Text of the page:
We had interviewed Supernatural’s brilliant cinematographer Serge Ladouceur and spent time on the set with him, so we were very excited to include a chapter with his insights. We knew firsthand how thoughtful he is about the process. The publisher, Intellect, has a focus on the visual appeal of the shows included in the Fan Phenomena series, so who better to interview than Serge?

Everyone in the SPN fandom depends on the accumulated knowledge of the Superwiki – not just fans, but actors, writers, producers, everyone! Asking Jules Wilkinson to pen a chapter was a no-brainer, and her perspective as the ‘keeper of SPN knowledge’ was invaluable. Finally, we wanted to include the perspective of a fan vidder in the book, since there has been less focus on vidding (and fan art) than on fanworks like fanfiction. Having been in the fandom for years, we immediately thought of Ash48, whose videos have made us laugh, cry and squee for years. We were privileged to include her interview, and her artistic eye was a great help in putting together the interview with Serge too.

And who designed the book cover? Did either of you have any say in that, or did the publisher come up with the anti-possession symbol/Impala combination? It reminds me a little bit of the racing stripes on the hoods of the muscle cars, back in the day.

Kathy: The publishers already had an idea of what they wanted the covers of the series to look like. They did ask us for suggestions about what would capture the series in one image. The Impala was a natural choice!

Lynn: All the books in the Fan Phenomena series have silhouettes of iconic images on the covers. What’s more iconic for Supernatural than the Impala? We provided options, and once it was decided to go with the car and the protection symbol, we selected the color, which turned out to be surprisingly difficult. Can you guess why we went with the color we did?

As you were editing the chapters, was there anything you learned or that surprised you? Did you have any headsmack moments or revelations?

Kathy: Not so much revelation as confirmation. It’s been clear to us for a long time how very special this fandom is and what a unique relationship exists between fans and creators here. Editing the collection certainly brought this home to us again. It also confirmed how much meaning the series has for fans and the wide spectrum of reasons it resonates. It’s easy, I think, to get comfortable with the way you view something and forget that there are so many other reasons why people love the same thing you love.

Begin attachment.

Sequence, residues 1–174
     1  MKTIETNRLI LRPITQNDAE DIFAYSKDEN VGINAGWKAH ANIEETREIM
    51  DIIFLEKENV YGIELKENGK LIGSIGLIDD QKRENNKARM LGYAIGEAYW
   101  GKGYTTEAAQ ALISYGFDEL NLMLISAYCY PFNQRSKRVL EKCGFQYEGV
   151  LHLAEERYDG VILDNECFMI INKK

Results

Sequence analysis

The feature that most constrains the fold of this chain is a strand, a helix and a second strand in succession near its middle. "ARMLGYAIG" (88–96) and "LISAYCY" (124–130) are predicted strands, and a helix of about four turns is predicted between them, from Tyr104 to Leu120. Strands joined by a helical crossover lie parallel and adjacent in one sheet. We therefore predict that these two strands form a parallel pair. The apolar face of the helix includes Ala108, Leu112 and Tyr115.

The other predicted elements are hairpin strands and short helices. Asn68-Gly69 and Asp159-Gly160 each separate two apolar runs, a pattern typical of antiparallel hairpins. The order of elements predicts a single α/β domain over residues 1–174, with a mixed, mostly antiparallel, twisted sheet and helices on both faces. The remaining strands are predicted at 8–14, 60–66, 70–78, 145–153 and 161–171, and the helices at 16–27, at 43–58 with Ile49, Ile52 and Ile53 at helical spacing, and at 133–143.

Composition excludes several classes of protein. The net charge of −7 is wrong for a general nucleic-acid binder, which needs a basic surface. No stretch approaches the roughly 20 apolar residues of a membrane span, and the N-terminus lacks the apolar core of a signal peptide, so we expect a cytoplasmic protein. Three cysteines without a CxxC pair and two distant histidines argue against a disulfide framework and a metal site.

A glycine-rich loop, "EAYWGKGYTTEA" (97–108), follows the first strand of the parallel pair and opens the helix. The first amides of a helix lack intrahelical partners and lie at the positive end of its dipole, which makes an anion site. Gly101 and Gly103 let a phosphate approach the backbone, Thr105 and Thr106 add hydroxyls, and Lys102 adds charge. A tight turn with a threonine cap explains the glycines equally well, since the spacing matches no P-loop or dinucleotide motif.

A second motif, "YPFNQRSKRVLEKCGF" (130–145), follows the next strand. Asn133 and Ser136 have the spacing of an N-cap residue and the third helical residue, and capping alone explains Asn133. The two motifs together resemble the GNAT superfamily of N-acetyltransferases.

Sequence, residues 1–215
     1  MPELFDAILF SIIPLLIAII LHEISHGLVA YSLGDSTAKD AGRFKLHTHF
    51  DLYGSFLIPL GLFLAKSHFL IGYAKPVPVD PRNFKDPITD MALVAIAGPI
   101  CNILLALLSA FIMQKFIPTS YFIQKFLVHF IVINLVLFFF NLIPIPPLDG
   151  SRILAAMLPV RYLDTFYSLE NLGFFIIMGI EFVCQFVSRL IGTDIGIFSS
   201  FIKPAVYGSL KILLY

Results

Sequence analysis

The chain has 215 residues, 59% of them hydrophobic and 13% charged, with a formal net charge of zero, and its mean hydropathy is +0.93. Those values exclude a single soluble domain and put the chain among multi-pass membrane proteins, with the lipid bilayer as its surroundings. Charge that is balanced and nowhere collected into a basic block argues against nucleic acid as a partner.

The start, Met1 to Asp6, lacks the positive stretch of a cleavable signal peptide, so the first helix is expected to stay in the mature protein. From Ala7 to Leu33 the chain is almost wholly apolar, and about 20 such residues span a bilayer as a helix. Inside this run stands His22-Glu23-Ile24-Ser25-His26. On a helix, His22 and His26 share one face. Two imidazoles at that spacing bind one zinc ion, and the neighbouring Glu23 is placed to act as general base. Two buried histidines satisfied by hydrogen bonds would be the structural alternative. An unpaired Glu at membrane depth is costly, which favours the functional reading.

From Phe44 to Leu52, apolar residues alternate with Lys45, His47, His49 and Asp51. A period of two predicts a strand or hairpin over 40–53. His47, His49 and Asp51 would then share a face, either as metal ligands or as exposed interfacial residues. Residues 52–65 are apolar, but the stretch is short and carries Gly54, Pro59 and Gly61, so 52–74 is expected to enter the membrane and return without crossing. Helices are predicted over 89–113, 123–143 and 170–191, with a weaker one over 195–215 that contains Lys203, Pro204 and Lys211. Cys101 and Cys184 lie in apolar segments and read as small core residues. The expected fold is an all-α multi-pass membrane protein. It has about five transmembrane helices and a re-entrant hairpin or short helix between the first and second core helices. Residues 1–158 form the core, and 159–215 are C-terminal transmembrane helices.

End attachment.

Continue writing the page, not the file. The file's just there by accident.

Lynn: Working with Misha and Richard as writers was a treat – we knew they’d be good at it, but it was more fun than we expected. I also loved hearing Jules’ perspective on the history of the Show and the fandom – I had heard many of the facts before, but had never seen them laid out so coherently. Several of the academic chapters made me think, which engaged my researcher brain – and several of the fan-penned chapters made me reach for the tissues as I got all emotional. I think I learned the most from interviewing Ash48 – I’m a writer, not a vidder, so the process fascinates me. I was surprised to find that our creative processes were not all that different!

I don’t know if there’s a question here, but I was struck by the interview with Serge Ladouceur. I’ve seen so much fan discussion on the symbolism in Supernatural’s cinematography, yet I noticed that in this interview Serge focused on the technical nature of his work. I imagine that with Supernatural’s tight shooting schedule there isn’t a lot of time for debate on how to set up lighting to symbolize X, Y, and Z, or which camera angles will highlight parts A, B, and C of the story. Yet Serge delivers a product that is fodder for much discussion and dissection. Where the viewers look for meaning in every detail, much of what Serge talks about in his interview is truly photography in action—using the light you have and the composition to create a mood, what needs to happen technically to get the shot you want. The rest just seems to be instinct, and his instinct is spot on. For example, when he’s asked about the power poles in Clap Your Hands If You Believe, if breaking up the shot was symbolic of Sam’s imperfection without his soul, his response pretty much was, Well – the poles were there and I had to work around them to get a good shot!

Lynn: Serge has incredible instincts, but I also think he’s quite aware of the important part that lighting and color play in telling the story. I was struck by what he said about the entire process of creating the Show being a collaboration, and by his inclusion of the viewers as part of that collaborative process. We all create meaning from what appears on the screen – actors, writers, directors, cinematographers, viewers.